The U.S. Postal Service’s multibillion-dollar program to create a new fleet of advanced design mail trucks remains in the prototype testing stage, even though the agency had expected to have a decision by now.
The Postal Service once said that it would announce a winner in the competition as soon as last month, but officials now tell Trucks.com that the vehicles are still being evaluated.
Five companies remain in the running to win all or part of the business to design and manufacture up to 180,000 new right-hand drive delivery vehicles for the independent agency. The contract could be worth up to $6.3 billion by some estimates, with the work spread over five or more years. Electric vehicles and hybrids are part of the prototype mix.
The acquisition process was launched in January 2015. Street testing began in fall 2017. Early estimates by the agency called for a final contract award in 2018, with deployment of the production vehicles in the summer of 2019. That timeframe is now in question.
“Given the early phase of the program — prototype testing phase — the Postal Service has not yet finalized a timeline to release a solicitation to procure purpose-built delivery vehicles,” said U.S. Postal Service spokeswoman Kim Frum in an email to Trucks.com.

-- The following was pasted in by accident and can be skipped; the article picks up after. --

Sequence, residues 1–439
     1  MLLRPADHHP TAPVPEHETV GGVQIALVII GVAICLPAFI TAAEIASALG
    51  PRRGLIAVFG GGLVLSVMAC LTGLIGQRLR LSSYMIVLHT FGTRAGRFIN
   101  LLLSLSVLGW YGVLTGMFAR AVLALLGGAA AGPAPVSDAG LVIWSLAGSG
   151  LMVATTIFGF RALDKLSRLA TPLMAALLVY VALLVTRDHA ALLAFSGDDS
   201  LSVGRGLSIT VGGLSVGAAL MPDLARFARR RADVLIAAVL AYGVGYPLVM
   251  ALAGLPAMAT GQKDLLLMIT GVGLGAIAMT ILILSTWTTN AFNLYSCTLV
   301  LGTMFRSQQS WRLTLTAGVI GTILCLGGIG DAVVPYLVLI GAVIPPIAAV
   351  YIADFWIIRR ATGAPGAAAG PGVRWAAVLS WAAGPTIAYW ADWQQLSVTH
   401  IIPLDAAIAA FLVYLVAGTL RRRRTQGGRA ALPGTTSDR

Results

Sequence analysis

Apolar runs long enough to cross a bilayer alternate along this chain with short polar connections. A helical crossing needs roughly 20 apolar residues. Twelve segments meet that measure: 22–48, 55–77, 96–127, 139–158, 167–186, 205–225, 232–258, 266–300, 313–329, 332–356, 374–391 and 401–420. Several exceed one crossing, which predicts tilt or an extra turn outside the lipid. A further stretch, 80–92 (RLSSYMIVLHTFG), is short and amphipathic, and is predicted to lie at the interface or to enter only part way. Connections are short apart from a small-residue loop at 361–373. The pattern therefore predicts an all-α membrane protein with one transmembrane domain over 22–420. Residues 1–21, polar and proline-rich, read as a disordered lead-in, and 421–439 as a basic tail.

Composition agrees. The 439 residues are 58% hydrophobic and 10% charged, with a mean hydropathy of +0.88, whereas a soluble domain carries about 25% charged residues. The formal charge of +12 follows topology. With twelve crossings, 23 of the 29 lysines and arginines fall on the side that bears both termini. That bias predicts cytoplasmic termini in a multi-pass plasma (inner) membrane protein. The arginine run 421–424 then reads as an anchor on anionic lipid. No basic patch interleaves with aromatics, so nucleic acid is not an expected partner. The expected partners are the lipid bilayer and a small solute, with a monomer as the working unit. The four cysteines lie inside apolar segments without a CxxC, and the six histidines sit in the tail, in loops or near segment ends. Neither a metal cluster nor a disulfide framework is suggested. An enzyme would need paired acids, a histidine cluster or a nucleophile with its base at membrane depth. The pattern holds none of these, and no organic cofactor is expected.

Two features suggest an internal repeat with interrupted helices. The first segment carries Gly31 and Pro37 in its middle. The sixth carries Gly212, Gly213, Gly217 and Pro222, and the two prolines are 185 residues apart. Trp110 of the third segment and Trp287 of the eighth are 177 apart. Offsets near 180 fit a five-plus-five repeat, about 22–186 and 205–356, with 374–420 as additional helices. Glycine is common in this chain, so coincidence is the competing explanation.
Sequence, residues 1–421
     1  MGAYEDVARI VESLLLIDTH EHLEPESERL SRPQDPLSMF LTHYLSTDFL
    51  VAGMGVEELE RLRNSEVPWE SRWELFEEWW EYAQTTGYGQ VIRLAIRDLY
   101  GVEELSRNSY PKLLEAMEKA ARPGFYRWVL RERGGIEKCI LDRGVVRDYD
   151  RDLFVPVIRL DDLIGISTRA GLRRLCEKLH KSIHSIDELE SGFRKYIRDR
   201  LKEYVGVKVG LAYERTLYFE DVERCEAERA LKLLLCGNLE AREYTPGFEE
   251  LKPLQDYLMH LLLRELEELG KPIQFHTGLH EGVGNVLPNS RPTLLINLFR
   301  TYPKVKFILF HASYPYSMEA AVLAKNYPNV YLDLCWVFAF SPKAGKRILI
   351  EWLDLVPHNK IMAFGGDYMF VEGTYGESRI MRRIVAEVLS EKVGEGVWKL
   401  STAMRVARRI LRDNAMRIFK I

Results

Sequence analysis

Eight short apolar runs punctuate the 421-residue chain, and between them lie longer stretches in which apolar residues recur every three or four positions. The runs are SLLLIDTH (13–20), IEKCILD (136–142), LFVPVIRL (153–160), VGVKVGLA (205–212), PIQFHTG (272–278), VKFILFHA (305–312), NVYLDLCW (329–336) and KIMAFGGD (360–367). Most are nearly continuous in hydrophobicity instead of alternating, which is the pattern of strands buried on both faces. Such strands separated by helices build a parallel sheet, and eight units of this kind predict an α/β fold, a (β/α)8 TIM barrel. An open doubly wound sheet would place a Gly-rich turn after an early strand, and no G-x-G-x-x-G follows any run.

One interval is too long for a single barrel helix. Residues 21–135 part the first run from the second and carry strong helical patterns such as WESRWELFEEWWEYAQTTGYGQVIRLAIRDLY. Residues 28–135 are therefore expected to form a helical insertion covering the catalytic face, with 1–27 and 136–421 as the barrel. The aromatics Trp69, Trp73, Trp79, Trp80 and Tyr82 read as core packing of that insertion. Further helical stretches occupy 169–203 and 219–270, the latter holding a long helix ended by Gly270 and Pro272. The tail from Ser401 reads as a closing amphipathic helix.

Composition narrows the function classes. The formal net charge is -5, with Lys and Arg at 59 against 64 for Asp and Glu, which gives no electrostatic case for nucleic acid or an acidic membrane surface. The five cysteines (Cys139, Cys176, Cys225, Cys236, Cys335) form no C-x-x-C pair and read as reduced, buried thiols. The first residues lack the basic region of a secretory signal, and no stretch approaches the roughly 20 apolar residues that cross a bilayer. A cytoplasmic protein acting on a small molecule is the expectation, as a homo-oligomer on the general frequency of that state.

Other factors also may be contributing to the wait to replace the agency’s aging fleet of mail trucks, including potential political headwinds.
Calls to privatize the service continue. And in April, President Trump, who has expressed sharp disapproval of the Postal Service and at least one of its customers, Amazon, issued an executive order to set up a task force to recommend how to reform the agency. The report was due in August. It has not yet been made public.
It is uncertain whether the Postal Service would announce a major next step in its plan to replace its entire fleet of daily mail trucks before the report is released publicly. That release is now likely to happen after the midterm elections, according to Government Executive.
At least two of the companies that have submitted prototypes in the contest are U.S. arms of overseas companies — India-based Mahindra and Turkish-owned Karsan. That also could prove to be a sticking point in the acquisition process under the new administration and its America first view. Given the Trump administration’s preference for U.S. manufacturers, it’s likely the agency might opt for a full American design, said Jeffrey Osborne, a Cowen & Co. automotive analyst.
Also, it’s not clear that the Trump administration would back cleaner fuel technologies for some or all of the entire fleet of daily mail trucks. The Environmental Protection Agency plans to ease fuel economy and emissions regulations for passenger vehicles and heavy-duty trucks. Half of the next-generation delivery vehicle prototypes, as requested by the Postal Service, feature hybrid or alternative fuel capabilities.
The Karsan truck, which would be built with its U.S. partner, Morgan Olson of Sturgis, Mich., is fully electric, not a plug-in hybrid as previously thought, according to someone with knowledge of the program who asked not to be named because of the sensitivity of the competition.
A battery-electric truck prototype from VT Hackney Inc. of Washington, N.C., and its partner, Workhorse Group, also is in the running. VT Hackney is part of the Singapore Technologies Engineering Ltd. group of companies.